Pennsylvania GOP senator introduces bill granting independent marijuana growers direct-to-patient sales licenses

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A Republican senator from Pennsylvania says he will soon introduce legislation to give independent producers of medical marijuana a chance to sell directly to patients — a reform he says is needed amid increased consolidation Of the industry.

In a co-sponsorship memo released last week, Senator Chris Gebhard (right) said his legislation would create a new licensing process, allowing any Pennsylvania-based ‘independent’ cannabis grower/processor to open dispensaries as vertically integrated companies.

Pennsylvania’s medical marijuana law currently states that only 25 companies can be licensed to grow and process marijuana, and only five of those licensees can sell directly to patients through vertically integrated dispensaries.

Gebhard said the Health Department’s current licensing rules have “created an unfair system for getting products to patients.”

“The most unbiased solution to this problem would be to issue two licenses to all Pennsylvania-based independent growers/processors who currently do not have one,” he wrote to his colleagues. “It will create a free and fair market and allow these businesses to operate on the same playing field as their competitors.”

While Pennsylvania has yet to enact adult use legalization, there are growing expectations that the state will eventually follow others in the region and begin allowing recreational sales. Some companies are feeling the pressure as anticipation for policy change builds, especially as wholesale marijuana prices fall and multistate operators continue to acquire smaller companies.

Pennsylvania’s cannabis law further states that companies with a retail license cannot operate more than 15 dispensaries, but this trend of corporate acquisitions has given certain stakeholders more influence in industry.

A health department spokesperson told the Tribune-Democrat in July that while the state’s medical cannabis law sets license limits, regulators cannot block stock transfers by licensees. permits, including “those used by multi-state operators in medical marijuana”. industry.”

Gebhard’s proposal would seek to ease this economic pressure for independent growers and processors by giving them the option of obtaining a secondary license to sell the product they grow, rather than selling to licensed distributors.


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Marijuana policy has also become a key campaign issue in Pennsylvania ahead of November’s midterm elections, particularly regarding the gubernatorial and U.S. Senate races.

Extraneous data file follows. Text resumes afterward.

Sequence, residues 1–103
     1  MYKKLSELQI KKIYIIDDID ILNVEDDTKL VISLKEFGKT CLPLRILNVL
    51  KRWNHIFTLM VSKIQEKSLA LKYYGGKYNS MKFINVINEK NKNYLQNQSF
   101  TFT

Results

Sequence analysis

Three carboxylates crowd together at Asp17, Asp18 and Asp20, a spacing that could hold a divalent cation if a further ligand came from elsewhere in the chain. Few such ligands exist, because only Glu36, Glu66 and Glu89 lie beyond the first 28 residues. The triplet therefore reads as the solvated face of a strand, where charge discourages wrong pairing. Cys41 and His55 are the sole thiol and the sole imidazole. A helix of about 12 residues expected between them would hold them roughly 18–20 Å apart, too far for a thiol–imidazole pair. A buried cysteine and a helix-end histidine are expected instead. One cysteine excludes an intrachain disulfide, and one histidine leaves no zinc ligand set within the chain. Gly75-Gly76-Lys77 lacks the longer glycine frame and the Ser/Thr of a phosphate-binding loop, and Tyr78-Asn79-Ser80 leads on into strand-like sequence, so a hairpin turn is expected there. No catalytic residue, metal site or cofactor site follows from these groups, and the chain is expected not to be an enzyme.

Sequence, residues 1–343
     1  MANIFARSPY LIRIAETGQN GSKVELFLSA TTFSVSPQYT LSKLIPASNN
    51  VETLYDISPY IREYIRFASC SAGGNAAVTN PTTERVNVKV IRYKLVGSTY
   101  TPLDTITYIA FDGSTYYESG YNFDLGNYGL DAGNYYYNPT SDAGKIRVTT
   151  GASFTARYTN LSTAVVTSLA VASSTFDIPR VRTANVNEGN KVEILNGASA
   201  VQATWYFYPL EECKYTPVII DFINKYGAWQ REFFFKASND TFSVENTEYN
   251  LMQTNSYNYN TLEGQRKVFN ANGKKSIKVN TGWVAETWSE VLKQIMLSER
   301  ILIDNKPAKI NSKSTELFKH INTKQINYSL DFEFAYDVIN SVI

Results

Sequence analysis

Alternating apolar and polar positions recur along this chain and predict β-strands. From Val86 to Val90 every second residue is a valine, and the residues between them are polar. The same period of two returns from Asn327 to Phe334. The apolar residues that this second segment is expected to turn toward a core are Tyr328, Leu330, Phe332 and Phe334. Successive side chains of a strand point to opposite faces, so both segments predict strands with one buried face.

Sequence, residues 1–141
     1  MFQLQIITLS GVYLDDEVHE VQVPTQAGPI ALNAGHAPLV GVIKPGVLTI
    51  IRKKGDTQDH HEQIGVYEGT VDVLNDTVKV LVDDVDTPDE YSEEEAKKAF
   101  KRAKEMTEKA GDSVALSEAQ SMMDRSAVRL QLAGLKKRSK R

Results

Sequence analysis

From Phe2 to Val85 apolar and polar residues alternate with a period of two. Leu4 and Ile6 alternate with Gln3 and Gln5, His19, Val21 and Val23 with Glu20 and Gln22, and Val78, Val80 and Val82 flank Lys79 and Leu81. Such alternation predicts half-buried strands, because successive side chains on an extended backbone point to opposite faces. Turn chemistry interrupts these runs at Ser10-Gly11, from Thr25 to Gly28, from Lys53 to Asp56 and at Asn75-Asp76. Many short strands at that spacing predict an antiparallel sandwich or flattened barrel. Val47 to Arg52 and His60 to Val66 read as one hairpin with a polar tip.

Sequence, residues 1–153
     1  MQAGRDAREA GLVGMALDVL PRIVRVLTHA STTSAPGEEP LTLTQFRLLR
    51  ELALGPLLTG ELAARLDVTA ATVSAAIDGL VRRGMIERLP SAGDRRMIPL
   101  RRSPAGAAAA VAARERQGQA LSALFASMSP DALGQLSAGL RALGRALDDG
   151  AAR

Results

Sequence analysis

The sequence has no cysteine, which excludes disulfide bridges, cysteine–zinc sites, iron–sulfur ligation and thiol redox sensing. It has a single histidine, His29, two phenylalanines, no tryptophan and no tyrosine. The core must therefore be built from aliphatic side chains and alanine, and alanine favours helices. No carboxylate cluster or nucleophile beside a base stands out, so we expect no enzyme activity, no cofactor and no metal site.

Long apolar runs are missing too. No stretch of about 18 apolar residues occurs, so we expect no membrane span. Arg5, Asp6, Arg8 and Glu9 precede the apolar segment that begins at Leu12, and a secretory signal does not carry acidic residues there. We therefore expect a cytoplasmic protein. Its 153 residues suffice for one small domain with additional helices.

Governor Tom Wolf (D) spoke in favor of legalization earlier in his term – a decision influenced in part by the advocacy of his lieutenant governor, John Fetterman (D) – and included a call to put in implement the reform in its budget proposal this year.

Now the race to replace Wolf is between pro-legalization attorney general Josh Shapiro, the Democratic nominee, and state Sen. Doug Mastriano (R), who is adamantly opposed to reform, calling legalization an “idea stupid” which had a negative impact on other states. .

Fetterman, for his part, is currently running for the Senate against the TV personality known as Dr. Oz. And despite support for cannabis legalization standing at 58% in Pennsylvania — and despite Oz’s own past comments about the need to fundamentally change federal marijuana laws — the Republican candidate attacked the US Rep. state for its defense of cannabis.

Although Wolf and Fetterman remain stationed in Harrisburg, they continue to work to right the wrongs of Prohibition. Last week, they announced the launch of a month-long marijuana pardon project to expedite relief for people with low-level cannabis convictions on their records.

Additionally, President Joe Biden and Fetterman briefly discussed marijuana policy reform at a meeting near Pittsburgh this month. This followed a statement from the lieutenant governor’s campaign calling on the president to use his executive power to decriminalize cannabis at the federal level.

(The White House was asked about Fetterman’s request, but said the administration had nothing new to announce at this point.)

Before Wolf endorsed marijuana legalization, the lieutenant governor also led a statewide listening tour to hear what residents had to say about the proposed policy. He touted his role in that tour on his Senate campaign website.

He also spoke about his work to “legalize weed for jobs, justice, veterans, farmers and income” in a fundraising email earlier this year.

Fetterman previously said farmers in his state can grow better marijuana than people in New Jersey — and that’s one reason Pennsylvania should quickly reform its cannabis laws.

In 2020, he hosted a virtual forum where he got advice on how to effectively implement a cannabis system from the lieutenant governors of Illinois and Michigan, who signed into law legalization.

The governor, who signed a medical cannabis expansion bill into law last year, has repeatedly called for legalization and pressured the Republican-controlled legislature to pursue reform since she spoke out in favor of the policy in 2019.

Last year, Wolf pardoned a doctor who had been arrested, prosecuted and imprisoned for growing marijuana he used to relieve his dying wife. It was his 96th pardon for those convicted of cannabis under an ongoing expedited review program for non-violent marijuana offenses.

More recently, the governor signed a bill that includes provisions to protect banks and state insurers who work with licensed medical marijuana businesses.

Missouri Court of Appeals keeps marijuana legalization on the ballot, but state Supreme Court could make final decision

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